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Pakistan anti-corruption court indicts former prime minister Nawaz Sharif

Thompson Reuters

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ISLAMABAD — A Pakistani anti-corruption court has indicted ousted Prime Minister Nawaz Sharif and his daughter over allegations linked to ownership of London properties on Thursday, opening a trial that could see the former leader jailed.

The Sharifs have called the corruption proceedings against them a conspiracy, hinting at intervention by the powerful military, but opponents have hailed it as a rare example of the rich and powerful being held accountable.

Sharif, 67, resigned in July after the Supreme Court disqualified him from holding office over an undeclared source of income, but the veteran leader maintains his grip on the ruling Pakistan Muslim League-Nawaz (PML-N) party.

Judge Bashir Ahmad of the court that tries cases registered and investigated by an anti-graft body, National Accountability Bureau (NAB), indicted Sharif, his daughter Maryam Sharif and her husband, Muhammad Safdar. They all pleaded not guilty.

Maryam and Safdar were present in court, but Sharif, who was prime minister twice in the 1990s, sent a representative while he tends to his ailing wife in Britain as she undergoes cancer treatment. Maryam said in the court that the charges were unfounded and baseless.

“This will go down in history as a travesty of justice,” she said.

Outside the court, Maryam again hinted at military interference in the judicial process by saying the trial was “a repeat of 1999”, the year her father was toppled in a military coup led by former army chief Pervez Musharraf.

It is not clear if she was comparing the trial to the coup, or subsequent corruption accusations and investigations that Musharraf ordered into Sharif.

Sharif`s disqualification stemmed from the Panama Papers leaks in 2016 that appeared to show that his daughter and two sons owned offshore holding companies registered in the British Virgin Islands and used them to buy posh flats in London.

The Supreme Court initially declined to dismiss Sharif but ordered an investigation into his family`s wealth.

A separate Supreme Court-appointed panel said the family`s wealth did not match its income, and accused Maryam and her brothers of signing forged documents to obscure ownership of offshore companies used to buy the London flats.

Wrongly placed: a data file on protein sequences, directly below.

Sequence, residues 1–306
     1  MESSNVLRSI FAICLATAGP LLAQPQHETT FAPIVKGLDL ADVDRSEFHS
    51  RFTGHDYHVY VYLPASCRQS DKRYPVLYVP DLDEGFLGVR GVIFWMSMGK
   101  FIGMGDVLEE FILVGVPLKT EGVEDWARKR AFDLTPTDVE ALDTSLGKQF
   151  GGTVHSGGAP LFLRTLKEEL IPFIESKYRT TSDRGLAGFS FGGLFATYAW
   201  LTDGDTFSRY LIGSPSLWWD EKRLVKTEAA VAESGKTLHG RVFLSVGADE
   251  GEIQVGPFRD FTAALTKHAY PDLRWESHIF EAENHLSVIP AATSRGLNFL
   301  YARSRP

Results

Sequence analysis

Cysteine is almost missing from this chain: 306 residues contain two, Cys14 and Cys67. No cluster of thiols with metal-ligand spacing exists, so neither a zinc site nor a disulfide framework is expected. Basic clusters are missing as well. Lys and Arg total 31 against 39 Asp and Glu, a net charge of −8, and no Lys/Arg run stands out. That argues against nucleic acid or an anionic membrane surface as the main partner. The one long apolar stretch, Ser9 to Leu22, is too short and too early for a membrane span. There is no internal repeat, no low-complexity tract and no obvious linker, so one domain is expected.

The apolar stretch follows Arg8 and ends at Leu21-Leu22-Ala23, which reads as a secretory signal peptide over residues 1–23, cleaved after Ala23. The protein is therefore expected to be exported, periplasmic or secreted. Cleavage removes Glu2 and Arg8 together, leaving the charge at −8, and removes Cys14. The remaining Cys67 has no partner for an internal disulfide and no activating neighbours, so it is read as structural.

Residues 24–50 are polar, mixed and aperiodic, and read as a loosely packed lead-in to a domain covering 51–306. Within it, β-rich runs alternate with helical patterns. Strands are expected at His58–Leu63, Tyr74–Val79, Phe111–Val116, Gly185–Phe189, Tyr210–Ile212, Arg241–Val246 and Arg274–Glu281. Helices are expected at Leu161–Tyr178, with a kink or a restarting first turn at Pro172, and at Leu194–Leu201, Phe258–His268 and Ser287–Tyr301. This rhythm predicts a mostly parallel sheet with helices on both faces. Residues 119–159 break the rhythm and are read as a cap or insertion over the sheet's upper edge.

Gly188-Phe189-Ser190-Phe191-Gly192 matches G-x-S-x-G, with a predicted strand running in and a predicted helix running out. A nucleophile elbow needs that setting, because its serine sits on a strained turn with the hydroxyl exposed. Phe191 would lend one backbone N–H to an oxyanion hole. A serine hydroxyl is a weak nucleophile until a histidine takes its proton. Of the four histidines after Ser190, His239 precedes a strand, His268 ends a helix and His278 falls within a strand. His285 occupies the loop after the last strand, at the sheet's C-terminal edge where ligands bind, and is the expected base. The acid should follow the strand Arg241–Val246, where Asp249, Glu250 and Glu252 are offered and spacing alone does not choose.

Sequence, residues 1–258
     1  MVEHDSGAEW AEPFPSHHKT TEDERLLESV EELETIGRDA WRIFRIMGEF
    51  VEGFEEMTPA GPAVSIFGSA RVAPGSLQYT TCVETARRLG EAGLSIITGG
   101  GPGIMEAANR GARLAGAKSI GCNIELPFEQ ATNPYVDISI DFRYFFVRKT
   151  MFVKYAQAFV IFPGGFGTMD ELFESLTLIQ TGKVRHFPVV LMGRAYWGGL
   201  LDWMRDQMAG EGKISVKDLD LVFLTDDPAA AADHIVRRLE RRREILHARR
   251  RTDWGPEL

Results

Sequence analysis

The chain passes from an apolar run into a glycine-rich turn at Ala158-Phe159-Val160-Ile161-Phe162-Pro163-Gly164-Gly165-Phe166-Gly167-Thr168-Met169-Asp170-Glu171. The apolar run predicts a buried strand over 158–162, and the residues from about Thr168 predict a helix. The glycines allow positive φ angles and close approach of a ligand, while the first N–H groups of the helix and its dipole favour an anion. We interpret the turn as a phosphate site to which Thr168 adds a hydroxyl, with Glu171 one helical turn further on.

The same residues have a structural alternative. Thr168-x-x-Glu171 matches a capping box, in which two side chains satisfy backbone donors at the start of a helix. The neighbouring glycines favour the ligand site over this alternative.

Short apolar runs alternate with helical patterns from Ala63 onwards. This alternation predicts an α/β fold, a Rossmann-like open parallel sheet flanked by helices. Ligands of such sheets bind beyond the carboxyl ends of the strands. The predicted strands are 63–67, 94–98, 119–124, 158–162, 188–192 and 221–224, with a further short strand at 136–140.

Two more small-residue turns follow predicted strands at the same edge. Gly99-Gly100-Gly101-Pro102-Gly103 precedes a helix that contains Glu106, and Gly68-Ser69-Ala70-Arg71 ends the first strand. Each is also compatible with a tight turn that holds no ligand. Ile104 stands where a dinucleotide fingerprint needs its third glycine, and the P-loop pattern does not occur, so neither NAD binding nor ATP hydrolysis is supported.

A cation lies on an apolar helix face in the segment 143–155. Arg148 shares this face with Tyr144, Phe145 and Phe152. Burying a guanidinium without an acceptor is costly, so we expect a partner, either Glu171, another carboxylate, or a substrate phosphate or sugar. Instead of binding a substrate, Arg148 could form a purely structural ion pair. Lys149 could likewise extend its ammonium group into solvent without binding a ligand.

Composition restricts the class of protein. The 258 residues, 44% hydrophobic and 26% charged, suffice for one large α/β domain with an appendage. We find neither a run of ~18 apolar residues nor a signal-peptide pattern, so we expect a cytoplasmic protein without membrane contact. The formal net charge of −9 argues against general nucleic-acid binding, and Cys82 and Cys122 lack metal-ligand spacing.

After the probe, the top court disqualified Sharif and ordered the NAB to investigate and conduct a trial. Sharif denies ever receiving the small source of income that led to his disqualification.

The NAB has in the past been described as toothless because of its low conviction rates, especially when it comes to powerful politicians, and investigations that last many years.

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Acid attack victim Samjhana Das succumbs to injury

Gorkha Post

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KATHMANDU — 18-year-old Samjhana Das from Chandrapur Municipality, Rautahat who was undergoing treatment in Kathmandu for acid-burns, has died. Das, passed away at 11:40 pm on Sunday night at Kirtipur Hospital after infections spread to other parts of the body, according to hospital source.

Samjhana and her 16-year-old sister, Sushma from Chandra Municipality-6, Rautahat were attacked with acid while they were asleep on September 11 midnight.

Samjhana, whose 40 percent body parts were burnt was brought to the hospital in critical condition.

It was later revealed that their 50-year-old neighbour Ram Babu Paswan, in an act of unrequited love, had thrown on Das sisters, his primary target being the elder sister, Samjhana.

Ram Babu, the criminal in guise of a concerned neighbour, was later detained by the police based on circumstantial evidences.

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